191. Return an accountant, bookkeeper, clerk, cashier, etc., according to his distinctive occupation, and state the kind of service rendered, as surrountant-insuruner; Wwwokkeeper--wholesale lry goodx; clerk-gus comprog; rushier- music store.

192. Do not confound a clerk with a salesman, as is often done, especially in dry goodly stores, grocery stores, and provision stores, Tienerally speaking, a person so employed is to be considered as id salesman, wless most of his service is in the office on the books and accounts; otherwise hechonkl be returned as salesman--elry gools; sulesmur-grourries, etc.

19:3. A stenographer or typewriter should be reported as such, and should not be described simply as a clerk."

194. Distinguish carefully between a buk clerk, cushier in luink, or immk official, describing the particular position filled in each case. case should a luamk cushirt be confounded with a cashier in a store, etc.

195. Distinguish between a foreman and overseer, a packer and shipper, a porter and helper, and an errand, office, and messenger boy in a store, etc., and state in each case the character of the duties performed by him, as foreman-wholesale wool; packer-rrockery; porter-rublwr yourlx; rvrand boy-/ry goods; messenger boy-telegraph.

196. State the kind of merchant or dealer, as dry goods merchwul, wood amul coal (lealer, etc. Whenever a single word will express the business carried on, as yrorrr, it should be used.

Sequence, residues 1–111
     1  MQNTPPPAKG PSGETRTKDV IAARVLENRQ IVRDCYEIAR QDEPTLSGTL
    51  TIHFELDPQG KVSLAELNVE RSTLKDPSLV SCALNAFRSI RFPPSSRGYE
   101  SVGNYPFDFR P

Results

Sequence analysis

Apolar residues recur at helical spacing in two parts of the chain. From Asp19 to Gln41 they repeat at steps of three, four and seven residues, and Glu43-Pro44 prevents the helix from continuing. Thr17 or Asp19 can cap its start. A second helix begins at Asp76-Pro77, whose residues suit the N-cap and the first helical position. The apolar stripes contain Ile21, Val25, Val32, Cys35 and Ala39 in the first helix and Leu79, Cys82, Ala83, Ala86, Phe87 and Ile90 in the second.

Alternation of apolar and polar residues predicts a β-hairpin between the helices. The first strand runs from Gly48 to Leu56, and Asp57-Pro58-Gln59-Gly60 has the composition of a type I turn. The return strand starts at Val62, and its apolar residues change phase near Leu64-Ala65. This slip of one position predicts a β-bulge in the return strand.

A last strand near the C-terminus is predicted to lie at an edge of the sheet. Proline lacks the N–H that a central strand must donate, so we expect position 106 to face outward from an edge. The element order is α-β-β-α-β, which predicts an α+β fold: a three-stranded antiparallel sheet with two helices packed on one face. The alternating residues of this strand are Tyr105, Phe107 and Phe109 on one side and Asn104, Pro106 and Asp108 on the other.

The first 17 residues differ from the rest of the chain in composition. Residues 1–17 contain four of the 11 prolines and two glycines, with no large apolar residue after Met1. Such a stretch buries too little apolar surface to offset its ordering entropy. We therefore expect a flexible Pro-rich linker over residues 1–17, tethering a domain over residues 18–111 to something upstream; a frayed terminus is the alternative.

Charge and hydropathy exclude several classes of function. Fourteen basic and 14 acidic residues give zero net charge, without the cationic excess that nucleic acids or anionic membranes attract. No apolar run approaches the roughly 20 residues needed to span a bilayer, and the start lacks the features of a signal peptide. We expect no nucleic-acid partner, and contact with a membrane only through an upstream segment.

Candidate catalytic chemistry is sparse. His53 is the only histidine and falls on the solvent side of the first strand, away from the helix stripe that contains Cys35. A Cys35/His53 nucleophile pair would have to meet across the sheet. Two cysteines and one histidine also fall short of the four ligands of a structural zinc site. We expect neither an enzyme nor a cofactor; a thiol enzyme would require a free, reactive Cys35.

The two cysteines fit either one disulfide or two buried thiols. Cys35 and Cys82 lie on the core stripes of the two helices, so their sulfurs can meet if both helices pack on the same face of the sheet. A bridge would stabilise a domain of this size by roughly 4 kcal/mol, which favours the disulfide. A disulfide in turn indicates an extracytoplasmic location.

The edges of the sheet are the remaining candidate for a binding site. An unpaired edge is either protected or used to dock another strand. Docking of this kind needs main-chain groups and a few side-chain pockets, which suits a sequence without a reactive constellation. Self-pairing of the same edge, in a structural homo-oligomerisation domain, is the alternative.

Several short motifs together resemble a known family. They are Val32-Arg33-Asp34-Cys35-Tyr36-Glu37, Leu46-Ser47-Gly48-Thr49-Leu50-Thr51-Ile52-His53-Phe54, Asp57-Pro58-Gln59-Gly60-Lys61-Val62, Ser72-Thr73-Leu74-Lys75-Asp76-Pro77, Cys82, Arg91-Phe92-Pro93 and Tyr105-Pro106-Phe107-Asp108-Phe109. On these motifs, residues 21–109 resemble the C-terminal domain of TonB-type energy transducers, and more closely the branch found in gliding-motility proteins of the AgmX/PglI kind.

197. In the case of a buckster or peddler also state the kind of goods sold, as peddler--tinrare.

198. Distinguish a traveling salesman from a salesman in a store, return the former as a commercial trurcler,'' and state the kind of goods sold by him.

199. Retorn a boarding or livery stable keeper separately from a hostlor or other stable employee.

In no

218. If a person is attending school write “at school." No entry in colomn 19 should be made, however, for a lawyer, merchant, manufacturer, etc., who has retired from practice or business; nor for a wife or daughter living at home and assisting only in the household daties without pay (see paragraph 185); por for a person too old to work, or a child onder 10 years of age not at school.

219. The doing of domestic errands or family choros out of school hours, where a child regularly attends school, is not an occupation. But if a boy or girl, above 10 years of age, is earning money regalarly by labor, contributing to the family support, or appreciably assisting in mechanical or agricultural industry, the kind of work performed should be stated. (See paragraph 162.)